Rolling Stone - 01/22/1998
"...A haunting love story....[Day-Lewis and Watson] ignite so combustibly that you can't fail to be moved..."
Sight and Sound - 03/01/1998
"...Quietly intense performances from Day-Lewis and Emily Watson....Brilliant cinematography..."
USA Today - 12/31/1997
"...[THE BOXER] has an attractive star pairing and an uncommon sports dimension..." -- 3 out of 4 stars
New York Times - 12/31/1997
"...Tender, wrenching....Reflective and mature....[A] fine, galvanizing film..."
Box Office - 02/01/1998
"...Thoughtful....The interdependence of personal and political issues is deftly drawn..."
Premiere - 01/01/1998
"...[Sheridan] has elicited two of Day-Lewis's best performances; look for this hearty Irish stew of a movie to serve up another helping..."
Chicago Sun-Times - 01/09/1998
"...Day-Lewis and Watson are smart actors playing smart people..."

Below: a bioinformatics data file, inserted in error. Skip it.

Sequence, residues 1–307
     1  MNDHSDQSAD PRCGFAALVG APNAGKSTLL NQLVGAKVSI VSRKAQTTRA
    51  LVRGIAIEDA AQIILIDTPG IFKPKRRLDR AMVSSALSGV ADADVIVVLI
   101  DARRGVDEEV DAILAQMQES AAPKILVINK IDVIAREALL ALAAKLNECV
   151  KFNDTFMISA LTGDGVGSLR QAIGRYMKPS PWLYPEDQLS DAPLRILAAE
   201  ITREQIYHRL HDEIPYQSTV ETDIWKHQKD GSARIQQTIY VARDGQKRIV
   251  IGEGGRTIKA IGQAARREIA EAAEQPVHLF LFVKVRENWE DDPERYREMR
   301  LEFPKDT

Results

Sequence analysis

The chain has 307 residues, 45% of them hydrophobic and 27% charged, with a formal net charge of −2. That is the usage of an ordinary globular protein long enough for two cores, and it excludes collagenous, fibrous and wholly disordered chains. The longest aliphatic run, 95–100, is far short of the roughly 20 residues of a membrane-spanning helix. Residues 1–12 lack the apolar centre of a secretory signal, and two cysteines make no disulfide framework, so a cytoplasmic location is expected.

Daniel Day-Lewis stars in this searing portrait of 1990s Belfast ripped apart by 20 years of religious conflict and IRA violence. Danny Flynn (Day-Lewis), a repentant IRA operative seasoned by a 14-year prison term, returns to the neighborhood of his childhood to try to rebuild his life. A prizefighter in his youth, he teams up with his old trainer (Ken Stott) to reopen a nonsectarian boxing gym in a bombed-out community center. Meanwhile, Danny finds himself undeniably drawn to his old girlfriend Maggie (Emily Watson), who is now married to his former best friend, an imprisoned IRA member. Maggie's father, Joe Hamil (Brian Cox), the head of the local IRA chapter, is attempting to negotiate an IRA cease-fire, causing extreme tension between IRA factions with opposing views. Danny and Maggie's rekindled love, which defies the IRA rule promising death for anyone having an affair with an imprisoned operative's wife, thrusts Danny straight into the center of the erupting tensions. Irish director Jim Sheridan and British actor Daniel Day-Lewis (who worked together on IN THE NAME OF THE FATHER and MY LEFT FOOT) once again team up with wondrous results, creating a vivid and captivating portrait of an Ireland intimately torn by ancient religious strife.